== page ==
Three editors, seven days, six bookstores in five states (and the District of Columbia), 2,500 miles, and countless hours of book talk and laughter add up to Tor’s first-ever editors’ tour, dubbed #EdiTORsOnTour across social media. On Sunday, February 21st, Melissa Frain, Whitney Ross, and Miriam Weinberg piled into Frain’s Volkswagen Jetta to set off on their trip, which tactically coincided with bookstore events featuring authors whose Tor books were edited by the trio: V.E. Schwab (Weinberg), Susan Dennard (Ross), and Veronica Rossi (Frain).

The editors’ first bookstore stop was Joseph-Beth Booksellers in Lexington, Ky., after which they rolled on to Parnassus Books in Nashville, Tenn.; Malaprop’s Bookstore in Asheville, S.C.; Flyleaf Books in Chapel Hill, N.C.; One More Page Books in Arlington, Va.; and Politics & Prose in Washington, D.C. Highlights of the trip included Parnassus’s launch event on February 23 for Schwab’s A Gathering of Shadows, and a joint author event at Malaprop’s on February 25 promoting Dennard’s Truthwitch and Rossi’s Riders.

Coordinated by Patty Garcia, director of publicity for Tor and Forge Books, with the help of the publisher’s sales reps, the editors’ informal store visits entailed checking out book shelves and displays (with a sharp eye out for their own authors’ novels), gabbing with booksellers about favorite authors and books, and swapping stories of their respective roles in bringing literature and readers together. By all reports, these personal encounters with like-minded book enthusiasts were invaluable.

“I think we all felt that inherently we had a lot in common with the booksellers we met,” said Frain. “It was though we were meant to be friends! To have an opportunity to browse the stores and chat was so informative and fun. As editors, we rarely get the chance to hang out with booksellers, and it was gratifying to see how happy they all were to see us.”

One host, Johanna Albrecht, children’s manager at Flyleaf Books, reciprocated the editors’ enthusiasm about meeting face-to-face. “Booksellers don’t often have personal contact with anyone in editorial, and it was a lot of fun to hear Melissa, Whitney, and Miriam talk about their books, and to talk together about books we love personally,” she said. “It was also a great opportunity to let them see what we do every day, and to help them understand the unique strengths of indies, as well the reality of our space limitations and the fact that each staff member wears many hats.”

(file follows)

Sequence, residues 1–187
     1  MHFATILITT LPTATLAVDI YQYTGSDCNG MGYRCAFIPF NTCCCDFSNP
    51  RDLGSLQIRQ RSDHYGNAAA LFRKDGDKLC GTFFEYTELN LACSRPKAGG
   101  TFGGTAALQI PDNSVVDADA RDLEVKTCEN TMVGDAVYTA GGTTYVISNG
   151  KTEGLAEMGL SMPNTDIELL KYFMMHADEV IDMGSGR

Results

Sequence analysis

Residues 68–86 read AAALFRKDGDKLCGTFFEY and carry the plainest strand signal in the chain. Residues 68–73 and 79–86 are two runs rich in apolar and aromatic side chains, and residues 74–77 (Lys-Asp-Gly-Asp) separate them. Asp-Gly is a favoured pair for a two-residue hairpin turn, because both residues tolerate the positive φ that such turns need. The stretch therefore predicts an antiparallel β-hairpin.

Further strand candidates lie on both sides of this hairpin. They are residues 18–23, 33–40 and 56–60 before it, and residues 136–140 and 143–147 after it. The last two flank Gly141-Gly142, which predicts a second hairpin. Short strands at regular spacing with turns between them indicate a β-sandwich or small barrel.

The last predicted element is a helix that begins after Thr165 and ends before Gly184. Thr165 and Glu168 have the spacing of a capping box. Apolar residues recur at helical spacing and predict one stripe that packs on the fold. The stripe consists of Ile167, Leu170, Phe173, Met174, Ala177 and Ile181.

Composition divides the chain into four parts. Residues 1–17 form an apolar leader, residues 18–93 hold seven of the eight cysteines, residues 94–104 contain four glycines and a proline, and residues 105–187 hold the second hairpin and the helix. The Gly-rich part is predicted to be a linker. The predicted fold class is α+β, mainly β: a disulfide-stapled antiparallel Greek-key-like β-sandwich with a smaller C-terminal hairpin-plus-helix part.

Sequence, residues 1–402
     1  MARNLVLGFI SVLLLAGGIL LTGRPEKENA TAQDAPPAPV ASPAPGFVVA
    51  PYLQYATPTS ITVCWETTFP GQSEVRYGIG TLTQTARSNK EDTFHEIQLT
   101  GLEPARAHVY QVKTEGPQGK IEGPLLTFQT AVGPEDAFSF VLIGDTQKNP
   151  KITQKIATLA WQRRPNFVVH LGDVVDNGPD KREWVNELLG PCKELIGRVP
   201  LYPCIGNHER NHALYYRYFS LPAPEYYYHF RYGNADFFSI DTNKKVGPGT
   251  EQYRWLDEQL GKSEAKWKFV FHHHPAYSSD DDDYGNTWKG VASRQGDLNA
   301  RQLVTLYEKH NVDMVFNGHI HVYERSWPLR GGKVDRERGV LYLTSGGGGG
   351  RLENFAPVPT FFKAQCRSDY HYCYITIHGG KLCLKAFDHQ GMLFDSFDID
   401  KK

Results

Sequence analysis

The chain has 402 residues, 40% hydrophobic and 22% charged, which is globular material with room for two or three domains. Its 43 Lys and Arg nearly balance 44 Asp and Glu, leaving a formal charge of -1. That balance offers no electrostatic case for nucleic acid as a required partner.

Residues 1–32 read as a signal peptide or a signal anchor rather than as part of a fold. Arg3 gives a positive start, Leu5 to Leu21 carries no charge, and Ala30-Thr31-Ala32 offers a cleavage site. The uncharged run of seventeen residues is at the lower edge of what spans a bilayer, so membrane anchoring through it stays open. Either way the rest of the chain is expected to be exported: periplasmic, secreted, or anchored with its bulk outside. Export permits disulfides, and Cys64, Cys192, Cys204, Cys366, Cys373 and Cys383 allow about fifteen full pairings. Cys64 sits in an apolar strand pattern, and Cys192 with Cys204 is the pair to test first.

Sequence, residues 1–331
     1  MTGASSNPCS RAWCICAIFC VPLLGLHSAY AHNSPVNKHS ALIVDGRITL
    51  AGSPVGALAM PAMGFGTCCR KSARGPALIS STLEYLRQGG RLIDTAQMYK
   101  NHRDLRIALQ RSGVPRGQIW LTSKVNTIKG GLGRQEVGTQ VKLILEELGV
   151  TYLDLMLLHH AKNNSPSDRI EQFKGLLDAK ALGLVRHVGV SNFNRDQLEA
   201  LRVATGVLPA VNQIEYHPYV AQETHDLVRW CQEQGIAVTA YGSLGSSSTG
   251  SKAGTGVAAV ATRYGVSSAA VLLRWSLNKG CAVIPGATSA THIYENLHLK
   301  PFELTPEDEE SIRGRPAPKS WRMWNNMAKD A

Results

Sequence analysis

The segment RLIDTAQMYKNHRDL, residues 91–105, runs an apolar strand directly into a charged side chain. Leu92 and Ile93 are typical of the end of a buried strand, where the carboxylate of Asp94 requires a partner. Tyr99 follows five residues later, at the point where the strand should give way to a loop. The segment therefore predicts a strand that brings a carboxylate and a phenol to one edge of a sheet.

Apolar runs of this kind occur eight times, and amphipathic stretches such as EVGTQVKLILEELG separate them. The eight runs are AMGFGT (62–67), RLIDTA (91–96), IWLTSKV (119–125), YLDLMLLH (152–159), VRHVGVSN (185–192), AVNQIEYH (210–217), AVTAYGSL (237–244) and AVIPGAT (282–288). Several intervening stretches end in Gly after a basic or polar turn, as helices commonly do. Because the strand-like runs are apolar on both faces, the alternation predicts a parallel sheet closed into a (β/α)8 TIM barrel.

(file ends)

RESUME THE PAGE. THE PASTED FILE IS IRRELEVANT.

Connecting with their authors – those whose events they attended as well as local authors with whom they met up along their route – was another bonus for the editors. “It is often so hard to sit at our desks, supporting our authors from a distance,” said Ross. “We were all excited about joining them on the road to cheer them on, and to get some in-person time with them, as well as with some of our other authors who can’t get to New York very often.” At the author events, the editors were also pleased to meet YA bloggers, aspiring young writers, and local authors who came out to applaud their literary comrades.

The authors celebrated at events greatly appreciated their editors’ efforts to attend. Said Schwab: “My books wouldn’t be what they are without Miriam, and I couldn'’t have asked for a better person to be in conversation with on release night. I think it gave fans a chance to hear from a less public but vitally important part of the series they love.” Rossi chimed in: “Melissa is just as invested in Riders as I am. I loved having her with me at an event to see the readers’ excitement, which was a rewarding experience and a victory we share.” And from Dennard: “These books are our editors’ babies as much as they are our own, so Whitney and the other editors really deserve the same chance to enjoy the epic end-result of connecting with readers.”

Their authors were frequently on the editors’ minds as they experienced first-hand the perks and pitfalls of life on the road – which for them involved seven- or eight-hour days in the car. “We all came away with so much understanding of and sympathy for the energy and stamina that touring requires, along with the 5:30 a.m. wakeup calls – but there is also the excitement and joy,” Ross observed. “We kept marveling about how impressive that authors sometimes do this for weeks on end,” Weinberg added. “We were often utterly exhausted, but we had so much fun!”

Expounding on the “fun” quotient, here is a sampling of the editors’ highlights from the trip: a chance encounter, at Flyleaf Books, with Sarah Dessen, who popped into the store to inscribe a book for a customer; a visit to the world’s largest free-standing chest of drawers (38 feet tall), a roadside attraction in High Point, N.C.; frequent, good-natured squabbling about which Hogwarts house they’d each be sorted to; and copious consumption of biscuits, grits, and waffles.

Would they head out on the highway together again? Each editor offered the identical response: “Absolutely!”